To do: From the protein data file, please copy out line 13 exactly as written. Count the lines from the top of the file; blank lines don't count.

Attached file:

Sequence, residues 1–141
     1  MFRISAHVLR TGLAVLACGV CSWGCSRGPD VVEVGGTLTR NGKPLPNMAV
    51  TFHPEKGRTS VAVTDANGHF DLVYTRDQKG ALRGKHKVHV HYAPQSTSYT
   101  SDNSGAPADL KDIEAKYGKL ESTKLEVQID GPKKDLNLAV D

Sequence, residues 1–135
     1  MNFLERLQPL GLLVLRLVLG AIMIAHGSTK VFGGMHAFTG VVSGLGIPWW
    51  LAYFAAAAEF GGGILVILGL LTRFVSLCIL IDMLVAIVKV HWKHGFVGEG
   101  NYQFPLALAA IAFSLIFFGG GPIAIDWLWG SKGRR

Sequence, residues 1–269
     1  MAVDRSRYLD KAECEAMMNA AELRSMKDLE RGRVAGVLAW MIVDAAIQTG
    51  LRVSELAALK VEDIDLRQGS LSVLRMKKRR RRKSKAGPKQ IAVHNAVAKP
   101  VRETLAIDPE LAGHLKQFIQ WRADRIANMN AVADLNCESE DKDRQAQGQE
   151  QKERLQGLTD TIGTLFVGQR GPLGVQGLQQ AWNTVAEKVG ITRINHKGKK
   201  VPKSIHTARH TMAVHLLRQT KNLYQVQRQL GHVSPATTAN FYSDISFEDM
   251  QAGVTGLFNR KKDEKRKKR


   151  QKERLQGLTD TIGTLFVGQR GPLGVQGLQQ AWNTVAEKVG ITRINHKGKK